Second Time Around

John Cassavetes, Actor and Director
In the many films he made as an actor, John Cassavetes -- a shifty-eyed brunet mistrustful of his own profile, grinning constantly to remind us of the phoniness good looks can signify -- only occasionally had a role worthy of his considerable talents. One of them, his panicky hood in Elaine May's Mikey and Nicky (1976), may be the best of his career, the perpetual glibness on display in such disparate works as The Killers and Rosemary's Baby giving way to real terror as the jokes peel away like paint before a blowtorch. At first May's film seems close to one of Cassavetes' own, full as it is of rambling, quasi-improvised dialogue and mismatched cuts. Yet, as in May's other important work as a director (The Heartbreak Kid), the film's core theme is raw emotional betrayal rather than, as in a true Cassavetes film, the importance of knowing who you really are.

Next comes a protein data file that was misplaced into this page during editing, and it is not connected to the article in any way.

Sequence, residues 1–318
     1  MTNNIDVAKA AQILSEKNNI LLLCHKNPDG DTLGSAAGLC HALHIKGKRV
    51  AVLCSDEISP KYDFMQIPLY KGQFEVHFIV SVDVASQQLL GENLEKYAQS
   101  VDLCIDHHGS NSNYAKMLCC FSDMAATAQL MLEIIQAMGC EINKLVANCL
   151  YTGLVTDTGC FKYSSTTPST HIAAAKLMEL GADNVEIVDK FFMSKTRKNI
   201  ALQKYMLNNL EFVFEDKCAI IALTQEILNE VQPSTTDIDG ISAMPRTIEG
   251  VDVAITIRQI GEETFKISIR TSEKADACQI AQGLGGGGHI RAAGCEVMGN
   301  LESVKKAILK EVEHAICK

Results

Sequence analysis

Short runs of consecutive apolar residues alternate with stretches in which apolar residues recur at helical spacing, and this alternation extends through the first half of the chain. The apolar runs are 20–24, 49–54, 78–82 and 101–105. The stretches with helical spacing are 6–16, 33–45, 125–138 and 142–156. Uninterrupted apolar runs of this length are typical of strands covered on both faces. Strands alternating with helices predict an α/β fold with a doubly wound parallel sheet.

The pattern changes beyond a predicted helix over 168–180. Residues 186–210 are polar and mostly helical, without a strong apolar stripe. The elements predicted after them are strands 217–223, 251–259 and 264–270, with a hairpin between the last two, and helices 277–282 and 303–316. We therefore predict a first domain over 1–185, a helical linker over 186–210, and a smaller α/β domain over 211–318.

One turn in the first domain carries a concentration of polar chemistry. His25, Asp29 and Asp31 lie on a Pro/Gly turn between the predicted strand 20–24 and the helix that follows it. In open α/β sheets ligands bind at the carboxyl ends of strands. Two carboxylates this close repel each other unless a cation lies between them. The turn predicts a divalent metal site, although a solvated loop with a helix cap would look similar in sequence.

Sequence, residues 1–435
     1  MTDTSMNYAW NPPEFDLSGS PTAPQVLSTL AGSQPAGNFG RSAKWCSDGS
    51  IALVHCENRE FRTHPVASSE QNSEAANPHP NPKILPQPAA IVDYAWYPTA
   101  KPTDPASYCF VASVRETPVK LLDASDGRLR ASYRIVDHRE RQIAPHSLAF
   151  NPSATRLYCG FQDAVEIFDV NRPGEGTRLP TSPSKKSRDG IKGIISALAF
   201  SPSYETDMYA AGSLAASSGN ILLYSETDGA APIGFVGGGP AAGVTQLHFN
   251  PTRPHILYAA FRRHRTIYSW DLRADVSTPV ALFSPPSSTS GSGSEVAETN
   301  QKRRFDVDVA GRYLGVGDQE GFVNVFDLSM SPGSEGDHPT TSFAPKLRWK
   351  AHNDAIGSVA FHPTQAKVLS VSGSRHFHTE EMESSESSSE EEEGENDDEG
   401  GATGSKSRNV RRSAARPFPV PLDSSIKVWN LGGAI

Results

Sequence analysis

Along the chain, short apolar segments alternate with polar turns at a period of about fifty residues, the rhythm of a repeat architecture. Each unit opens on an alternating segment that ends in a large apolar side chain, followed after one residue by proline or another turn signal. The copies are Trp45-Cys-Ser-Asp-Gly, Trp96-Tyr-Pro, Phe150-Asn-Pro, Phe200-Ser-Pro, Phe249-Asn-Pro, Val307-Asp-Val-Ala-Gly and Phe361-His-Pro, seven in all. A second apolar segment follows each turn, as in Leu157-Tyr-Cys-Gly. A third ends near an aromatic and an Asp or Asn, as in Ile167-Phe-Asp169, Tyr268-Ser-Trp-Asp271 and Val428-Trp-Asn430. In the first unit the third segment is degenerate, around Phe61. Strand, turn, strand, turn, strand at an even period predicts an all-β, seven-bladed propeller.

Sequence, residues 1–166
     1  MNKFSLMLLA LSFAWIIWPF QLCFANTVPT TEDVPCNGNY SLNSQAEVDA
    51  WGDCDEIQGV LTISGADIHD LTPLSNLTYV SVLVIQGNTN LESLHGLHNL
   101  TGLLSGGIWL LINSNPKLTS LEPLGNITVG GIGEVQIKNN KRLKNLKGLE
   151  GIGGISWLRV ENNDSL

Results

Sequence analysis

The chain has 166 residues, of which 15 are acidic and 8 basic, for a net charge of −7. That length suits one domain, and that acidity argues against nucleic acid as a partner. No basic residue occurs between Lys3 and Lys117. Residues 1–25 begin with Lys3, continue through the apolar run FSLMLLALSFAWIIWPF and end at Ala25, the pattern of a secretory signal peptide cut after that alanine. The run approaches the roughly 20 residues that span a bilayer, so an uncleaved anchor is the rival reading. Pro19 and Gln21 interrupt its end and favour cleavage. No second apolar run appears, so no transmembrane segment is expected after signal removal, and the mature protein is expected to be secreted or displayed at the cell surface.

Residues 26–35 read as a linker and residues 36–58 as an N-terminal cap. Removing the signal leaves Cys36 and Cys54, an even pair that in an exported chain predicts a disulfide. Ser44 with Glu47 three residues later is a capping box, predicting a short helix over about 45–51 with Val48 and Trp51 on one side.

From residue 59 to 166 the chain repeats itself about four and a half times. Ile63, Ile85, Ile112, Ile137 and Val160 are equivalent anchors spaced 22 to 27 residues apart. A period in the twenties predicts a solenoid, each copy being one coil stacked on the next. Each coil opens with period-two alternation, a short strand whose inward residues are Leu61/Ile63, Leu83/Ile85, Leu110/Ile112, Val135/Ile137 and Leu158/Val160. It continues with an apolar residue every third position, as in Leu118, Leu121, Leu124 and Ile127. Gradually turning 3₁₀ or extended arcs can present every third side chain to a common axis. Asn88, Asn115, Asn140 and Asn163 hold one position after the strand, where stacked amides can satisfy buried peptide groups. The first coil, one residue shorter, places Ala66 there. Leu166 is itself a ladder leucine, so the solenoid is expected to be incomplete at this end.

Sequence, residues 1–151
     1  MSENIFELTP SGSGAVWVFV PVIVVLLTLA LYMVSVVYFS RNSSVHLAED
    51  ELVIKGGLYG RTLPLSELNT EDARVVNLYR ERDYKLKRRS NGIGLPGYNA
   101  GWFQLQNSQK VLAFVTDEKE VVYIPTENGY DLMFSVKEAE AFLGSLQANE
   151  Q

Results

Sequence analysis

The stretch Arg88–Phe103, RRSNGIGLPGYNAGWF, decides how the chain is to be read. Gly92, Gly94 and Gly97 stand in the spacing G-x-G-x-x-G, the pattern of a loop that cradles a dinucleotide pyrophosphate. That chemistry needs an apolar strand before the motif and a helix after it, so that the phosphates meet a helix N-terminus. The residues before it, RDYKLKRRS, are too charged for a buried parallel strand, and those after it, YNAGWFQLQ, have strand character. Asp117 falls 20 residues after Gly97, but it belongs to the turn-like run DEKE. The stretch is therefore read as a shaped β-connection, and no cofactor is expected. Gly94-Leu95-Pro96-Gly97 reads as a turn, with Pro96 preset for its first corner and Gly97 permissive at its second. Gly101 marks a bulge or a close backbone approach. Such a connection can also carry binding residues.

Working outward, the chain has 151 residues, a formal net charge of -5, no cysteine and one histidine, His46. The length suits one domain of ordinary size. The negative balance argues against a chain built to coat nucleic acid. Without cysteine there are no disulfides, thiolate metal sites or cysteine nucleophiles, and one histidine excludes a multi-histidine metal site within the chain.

That, in fact, is the theme of Mikey and Nicky's co-feature at the Fine Arts in Berkeley this week, The Killing of a Chinese Bookie, also from 1976, one of Cassavetes' most scorned directorial efforts. Ben Gazzara plays a nightclub owner who stupidly gets himself in debt to the mob in what is an allegory of the director's own dealings with Hollywood. (Gazzara supervises a gaggle of untalented performers as carefully as Cassavetes seems to have shepherded his own much-indulged casts.) Forced to perform a murderous errand, Gazzara rapidly finds himself adrift in a neon wonderland: Action sequences play as they might in real life in this amazing slow-motion noir. Both halves of this challenging double bill repay close attention even as the prospect of death concentrates their stars' attention wonderfully.

-- Gregg Rickman

Mikey and Nicky screens Sunday through Tuesday, March 15-17, at 5 and 9:30 p.m. (with The Killing of a Chinese Bookie at 7:15 p.m.) at the Fine Arts Cinema, 2451 Shattuck (at Haste) in Berkeley. Tickets are $6; call (510) 848-1143.

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